Foresail: - is set on the foremast of a schooner or the lowest square sail on the foremast of Sq riggers
Figure Eight knot - A stopper knot for the end of the rope
Frames: - the wooden ribs that form the shape of the hull.
Gaff: - a free-swinging spar attached to the top of the sail.
Galley: - The kitchen of a ship.
Gallows- A frame used to rest the boom when the sail is down.
Gasket-Line used to secure a furled sail to the boom or yards.
GPS- global positioning system; is a satellite-based radionavigation  used to determine position
Gooseneck-The fitting which secures the boom to the mast.
GMT -- Greenwich Meridian Time, also known as Universal Time or Zula time
Ground Tackle - A collective term for the anchor and anchor gear.
Gunwale (gunnel)-The upper railing of a boat's side.
Halyards: - lines used to haul up the sail and the wooden poles (boom and gaff) that hold the sails in place.
Hatch:- an opening in the deck for entering below.
hawse hole-A hole in the hull for mooring lines to run through. Headsails: -any sail foreward of the foremast.
Head-ship toilet
Helm-steering apparatus
Hold: - the space for cargo below the deck of the ship HoggedA vessel whose bow and stern have dropped.
Horse/traveler-Metal or rope traveler to sheet a sail.
hull The main body of the boat, not including the deck,mast or cabin.
Hurricane-A strong tropical revolving storm of force 12(65 mph) or higher in the northern hemisphere. Hurricanes revolve in a clockwise direction.
Hypothermia -- the loss of body heat -- is the greatest danger for anyone in the water. As the body loses its heat, body functions slow down. This can quickly lead to death.
in irons- A sailboat with its bow pointed directly into the wind, preventing the sails from filling properly so that the boat can move
Jack line-A strong line, or a wire stay running fore and aft along the sides of a boat to which a safety harness can be attached.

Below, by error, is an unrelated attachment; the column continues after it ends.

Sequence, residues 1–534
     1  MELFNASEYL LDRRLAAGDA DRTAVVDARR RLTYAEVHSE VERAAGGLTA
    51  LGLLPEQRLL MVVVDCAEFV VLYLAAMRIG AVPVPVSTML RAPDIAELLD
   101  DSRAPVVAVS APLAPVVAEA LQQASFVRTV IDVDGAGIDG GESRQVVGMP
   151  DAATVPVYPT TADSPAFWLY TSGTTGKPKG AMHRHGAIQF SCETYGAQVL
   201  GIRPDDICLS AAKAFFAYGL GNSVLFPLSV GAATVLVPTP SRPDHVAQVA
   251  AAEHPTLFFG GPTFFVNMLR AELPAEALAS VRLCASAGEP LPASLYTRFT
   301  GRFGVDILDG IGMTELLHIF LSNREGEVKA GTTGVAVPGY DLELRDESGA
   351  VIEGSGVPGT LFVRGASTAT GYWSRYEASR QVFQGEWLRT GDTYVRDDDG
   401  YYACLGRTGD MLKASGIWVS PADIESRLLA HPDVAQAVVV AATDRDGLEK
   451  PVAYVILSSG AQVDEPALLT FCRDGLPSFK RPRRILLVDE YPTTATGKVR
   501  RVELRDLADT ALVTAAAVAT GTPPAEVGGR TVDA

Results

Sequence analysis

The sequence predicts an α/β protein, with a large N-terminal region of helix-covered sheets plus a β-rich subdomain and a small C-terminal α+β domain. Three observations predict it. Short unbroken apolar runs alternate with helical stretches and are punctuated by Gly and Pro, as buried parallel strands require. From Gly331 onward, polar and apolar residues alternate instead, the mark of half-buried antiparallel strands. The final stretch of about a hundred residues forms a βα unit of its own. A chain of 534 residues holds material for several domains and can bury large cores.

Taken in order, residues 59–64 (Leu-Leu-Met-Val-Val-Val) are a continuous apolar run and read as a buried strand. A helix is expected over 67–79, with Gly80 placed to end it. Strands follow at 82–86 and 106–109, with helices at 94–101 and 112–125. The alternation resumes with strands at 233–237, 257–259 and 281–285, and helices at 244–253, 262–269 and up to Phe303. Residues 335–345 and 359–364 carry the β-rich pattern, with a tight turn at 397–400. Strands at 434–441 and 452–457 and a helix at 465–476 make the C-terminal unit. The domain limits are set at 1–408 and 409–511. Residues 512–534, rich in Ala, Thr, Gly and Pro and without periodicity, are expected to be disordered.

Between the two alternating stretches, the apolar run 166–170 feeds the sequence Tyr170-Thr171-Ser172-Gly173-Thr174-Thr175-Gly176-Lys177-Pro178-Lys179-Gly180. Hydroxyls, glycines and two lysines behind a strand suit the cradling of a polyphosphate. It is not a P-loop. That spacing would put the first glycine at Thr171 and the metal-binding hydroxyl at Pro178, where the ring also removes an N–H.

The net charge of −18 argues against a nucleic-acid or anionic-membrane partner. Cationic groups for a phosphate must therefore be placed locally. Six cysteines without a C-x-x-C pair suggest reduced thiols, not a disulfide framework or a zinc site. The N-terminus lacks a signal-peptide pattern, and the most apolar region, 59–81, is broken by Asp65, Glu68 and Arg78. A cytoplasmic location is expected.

Jacobs ladder-A rope ladder.
Jettison: -to throw overboard.
Jetty-A man made structure projecting from the shore. Breakwater protecting a harbor entrance
Jib: - a triangular foresail in front of the foremast.
Jibboom -Spar forward of bowsprit
Jigger-Aft sail on the mizzen mast of a yawl or a ketch. After mast  (4th mast)on schooner or sailing ship carrying a spanker.
Jib-The foremost sail of a ship, set upon a boom which runs out from the bowsprit.
Jib Sheet The lines that lead from the clew of the jib.
Jibe. To go from one tack to the other when running with the wind coming over the stern
Keel: - the timber at the very bottom of the hull to which frames are attached.
Keel-haul-To drag a person backwards and forwards under a ship's keel, for certain offences.
Ketch-Two-masted boats, the after mast shorter, but with a ketch the after mast is forward of the rudder post
King spoke-Marked top spoke on a wheel when the rudder is centered.
Knees-Supporting braces used for strength when two parts are joined.
Knockabout: - a type of schooner without a bowsprit.
knot A speed of one nautical mile per hour.
Lanyard - A shot line used for making anything fast
Latitude - The distance north or south of the equator measured and expressed in degrees.
Lazyjacks: - lines from topping lifts to under boom which act as anet to catch the sails when lowered.
Lazarette- A storage compartmentin the stern.
League - measure of distance three miles in length
Lee - The side sheltered from the wind